Mental Illness and NAMI Family to Family Facilitation Training January 21, 2010Posted by Crazy Mermaid in mental illness, NAMI, Recovery.
Tags: mental illness, NAMI, Recovery
This past weekend, I had the opportunity to participate in some training. Orchestrated through NAMI (National Alliance on Mental Illness), the training, called Family to Family Support Group facilitation training, was designed to teach us how to facilitate a group of family members coming to a peer support group.
When I signed up for the training weeks ago, I was given the distinct impression that both mentally ill and non-mentally ill people would be participating in the training. It made sense at the time that both groups could effectively facilitate such a support group, although the perspective of each facilitator would necessarily be different.
I was surprised if not shocked, however, to discover when I arrived that of the 14 students, I was the only one who was mentally ill. There were fathers, mothers, daughters, and sons of mentally ill people, but not mentally ill people themselves. Except for me.
At that point, I became very concerned that I had overlooked some obvious point. Why was it that I was the only mentally ill person there? What did all of the other mentally ill people know that I didn’t? Why weren’t they here with me? And so I gave it serious thought to leaving.
Seriously considering abandoning my mission before I even began, I explained my concerns to my trainer, Kate. Together, we faced every one of my concerns head-on, leaving nothing left unsaid or unexplored.
I was worried about how well I would take listening to all of the pain and suffering the mentally ill person (like me) managed to inflict on family members (like them) who would be showing up for the support groups.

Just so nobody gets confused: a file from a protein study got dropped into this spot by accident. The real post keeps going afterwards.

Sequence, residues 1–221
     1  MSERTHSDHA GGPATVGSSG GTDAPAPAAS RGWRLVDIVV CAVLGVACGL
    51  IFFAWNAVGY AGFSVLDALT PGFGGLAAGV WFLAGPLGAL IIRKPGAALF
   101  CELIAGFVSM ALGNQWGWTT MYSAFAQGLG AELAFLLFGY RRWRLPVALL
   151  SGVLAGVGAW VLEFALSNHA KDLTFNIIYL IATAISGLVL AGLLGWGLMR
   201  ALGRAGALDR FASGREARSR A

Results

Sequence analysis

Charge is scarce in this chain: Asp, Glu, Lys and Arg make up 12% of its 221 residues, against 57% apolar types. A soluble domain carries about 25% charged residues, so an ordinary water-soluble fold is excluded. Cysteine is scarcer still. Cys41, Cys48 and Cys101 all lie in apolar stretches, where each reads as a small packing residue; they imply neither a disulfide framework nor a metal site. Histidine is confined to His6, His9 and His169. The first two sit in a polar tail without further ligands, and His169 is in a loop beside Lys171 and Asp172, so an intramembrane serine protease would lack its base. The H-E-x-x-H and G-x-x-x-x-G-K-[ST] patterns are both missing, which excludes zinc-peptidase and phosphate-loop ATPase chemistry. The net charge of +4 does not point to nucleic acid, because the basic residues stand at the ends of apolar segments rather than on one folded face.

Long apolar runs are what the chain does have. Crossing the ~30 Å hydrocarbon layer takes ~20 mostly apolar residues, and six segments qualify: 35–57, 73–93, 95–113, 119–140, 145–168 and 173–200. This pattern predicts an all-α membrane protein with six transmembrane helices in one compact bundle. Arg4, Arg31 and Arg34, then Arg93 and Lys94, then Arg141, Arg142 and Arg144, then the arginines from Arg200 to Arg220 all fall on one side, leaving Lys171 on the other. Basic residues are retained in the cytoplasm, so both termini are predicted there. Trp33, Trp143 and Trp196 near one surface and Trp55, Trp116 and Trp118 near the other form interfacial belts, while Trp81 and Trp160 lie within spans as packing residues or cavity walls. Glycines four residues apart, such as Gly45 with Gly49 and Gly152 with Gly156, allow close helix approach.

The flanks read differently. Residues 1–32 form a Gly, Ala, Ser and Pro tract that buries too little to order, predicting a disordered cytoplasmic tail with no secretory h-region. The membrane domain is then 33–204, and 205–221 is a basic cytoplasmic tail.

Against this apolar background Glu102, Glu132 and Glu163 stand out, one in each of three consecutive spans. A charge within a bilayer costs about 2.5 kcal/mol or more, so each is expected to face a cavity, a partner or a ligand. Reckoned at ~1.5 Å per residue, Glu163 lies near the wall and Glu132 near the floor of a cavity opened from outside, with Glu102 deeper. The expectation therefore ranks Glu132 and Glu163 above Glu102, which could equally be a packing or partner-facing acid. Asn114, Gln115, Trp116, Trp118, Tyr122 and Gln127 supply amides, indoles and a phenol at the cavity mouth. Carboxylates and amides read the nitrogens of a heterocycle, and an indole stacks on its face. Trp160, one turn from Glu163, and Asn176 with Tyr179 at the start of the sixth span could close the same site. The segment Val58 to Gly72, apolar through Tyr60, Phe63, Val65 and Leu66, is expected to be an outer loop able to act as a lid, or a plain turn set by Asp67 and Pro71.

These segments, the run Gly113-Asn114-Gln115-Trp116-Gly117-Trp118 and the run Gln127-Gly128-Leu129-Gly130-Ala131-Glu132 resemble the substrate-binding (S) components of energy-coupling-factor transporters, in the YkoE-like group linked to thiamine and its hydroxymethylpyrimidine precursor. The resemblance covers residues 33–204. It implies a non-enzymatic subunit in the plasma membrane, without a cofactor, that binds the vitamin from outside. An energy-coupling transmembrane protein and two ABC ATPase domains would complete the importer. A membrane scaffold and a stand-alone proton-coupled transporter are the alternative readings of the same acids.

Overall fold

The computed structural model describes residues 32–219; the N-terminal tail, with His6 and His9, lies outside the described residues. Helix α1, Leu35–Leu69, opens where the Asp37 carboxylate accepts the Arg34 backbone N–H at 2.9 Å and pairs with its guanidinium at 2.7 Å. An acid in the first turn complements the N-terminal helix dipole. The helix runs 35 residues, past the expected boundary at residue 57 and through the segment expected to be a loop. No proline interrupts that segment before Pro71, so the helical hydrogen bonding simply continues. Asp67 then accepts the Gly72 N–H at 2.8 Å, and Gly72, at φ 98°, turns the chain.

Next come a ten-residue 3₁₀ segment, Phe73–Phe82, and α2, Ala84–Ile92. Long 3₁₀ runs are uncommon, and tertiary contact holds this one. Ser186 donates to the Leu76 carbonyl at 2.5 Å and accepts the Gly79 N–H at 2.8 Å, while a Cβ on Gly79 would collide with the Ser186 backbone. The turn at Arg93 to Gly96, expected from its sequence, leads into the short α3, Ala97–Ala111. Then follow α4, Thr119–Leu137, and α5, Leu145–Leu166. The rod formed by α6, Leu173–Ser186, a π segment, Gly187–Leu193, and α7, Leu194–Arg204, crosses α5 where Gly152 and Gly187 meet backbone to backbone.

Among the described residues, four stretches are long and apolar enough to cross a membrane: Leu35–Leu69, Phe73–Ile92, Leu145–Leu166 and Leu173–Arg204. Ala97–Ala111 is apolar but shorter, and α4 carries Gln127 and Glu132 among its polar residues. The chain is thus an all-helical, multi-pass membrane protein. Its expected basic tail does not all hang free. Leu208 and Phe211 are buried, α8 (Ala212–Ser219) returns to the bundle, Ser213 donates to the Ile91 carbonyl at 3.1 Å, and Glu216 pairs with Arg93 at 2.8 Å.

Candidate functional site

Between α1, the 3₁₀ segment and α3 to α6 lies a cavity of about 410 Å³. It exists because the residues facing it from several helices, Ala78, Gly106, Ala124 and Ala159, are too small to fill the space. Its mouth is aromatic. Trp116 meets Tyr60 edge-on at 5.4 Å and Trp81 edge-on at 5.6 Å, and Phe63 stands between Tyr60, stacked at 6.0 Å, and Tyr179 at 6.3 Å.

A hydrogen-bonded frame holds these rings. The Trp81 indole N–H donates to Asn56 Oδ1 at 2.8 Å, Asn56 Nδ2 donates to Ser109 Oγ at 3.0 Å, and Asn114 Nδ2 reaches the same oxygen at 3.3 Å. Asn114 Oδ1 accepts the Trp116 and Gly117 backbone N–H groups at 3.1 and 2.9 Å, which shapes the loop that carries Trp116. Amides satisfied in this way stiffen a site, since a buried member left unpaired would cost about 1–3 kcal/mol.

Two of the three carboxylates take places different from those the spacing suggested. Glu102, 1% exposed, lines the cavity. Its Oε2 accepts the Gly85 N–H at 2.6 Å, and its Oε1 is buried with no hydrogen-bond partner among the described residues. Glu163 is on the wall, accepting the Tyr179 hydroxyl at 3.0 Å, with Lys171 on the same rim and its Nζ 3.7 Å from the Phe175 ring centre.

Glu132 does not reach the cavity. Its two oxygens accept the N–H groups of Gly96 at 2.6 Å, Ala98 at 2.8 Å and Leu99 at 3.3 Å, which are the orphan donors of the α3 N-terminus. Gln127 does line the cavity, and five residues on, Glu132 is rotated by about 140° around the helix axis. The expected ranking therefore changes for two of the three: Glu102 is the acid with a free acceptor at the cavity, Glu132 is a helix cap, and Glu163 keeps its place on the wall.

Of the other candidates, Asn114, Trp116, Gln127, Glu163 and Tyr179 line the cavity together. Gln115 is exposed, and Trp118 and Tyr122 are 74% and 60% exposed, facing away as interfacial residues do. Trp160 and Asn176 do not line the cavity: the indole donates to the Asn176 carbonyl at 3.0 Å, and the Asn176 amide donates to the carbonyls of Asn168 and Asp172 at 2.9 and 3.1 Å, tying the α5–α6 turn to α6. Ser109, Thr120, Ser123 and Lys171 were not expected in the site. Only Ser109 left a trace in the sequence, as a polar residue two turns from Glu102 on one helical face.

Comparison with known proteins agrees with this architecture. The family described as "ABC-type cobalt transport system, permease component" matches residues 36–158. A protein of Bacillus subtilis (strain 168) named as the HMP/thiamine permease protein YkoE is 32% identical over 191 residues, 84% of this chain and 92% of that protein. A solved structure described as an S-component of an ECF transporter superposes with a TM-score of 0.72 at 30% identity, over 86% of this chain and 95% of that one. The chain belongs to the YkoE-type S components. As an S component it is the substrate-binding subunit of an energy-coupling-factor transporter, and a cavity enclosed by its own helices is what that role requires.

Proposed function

I was concerned that family members (like them) might be afraid to really share their feelings with the support group after they learned that mentally ill people (like me) might be present. We worked through each of these issues, and ultimately she told me that the decision of whether to stay or go was mine.
Making the decision easier in some respects and harder in others was the fact that my roommate for the weekend just happened to be a licensed mental health counselor who just happened to know my sister, also a licensed mental health counselor. As anyone experiencing any sort of emotional trauma can tell you, life with a professional counselor is much, much better than life without one. It’s like having a heart attack when your neighbor is a heart surgeon. A good place to be ill, in other words.
Ultimately, after much thought, I decided to stay, with the caveat that if I became uncomfortable I was going to just get up and leave without any fanfare. Giving me her business card, Kate asked me to call her right away if I suddenly bolted, just to make sure that I was in an emotional state that allowed me to drive myself home. I agreed to her request. Fortunately, it never came to that. Surprising myself, I stayed for the entire training.
In retrospect, I probably shouldn’t have been there. But I’m glad that I was.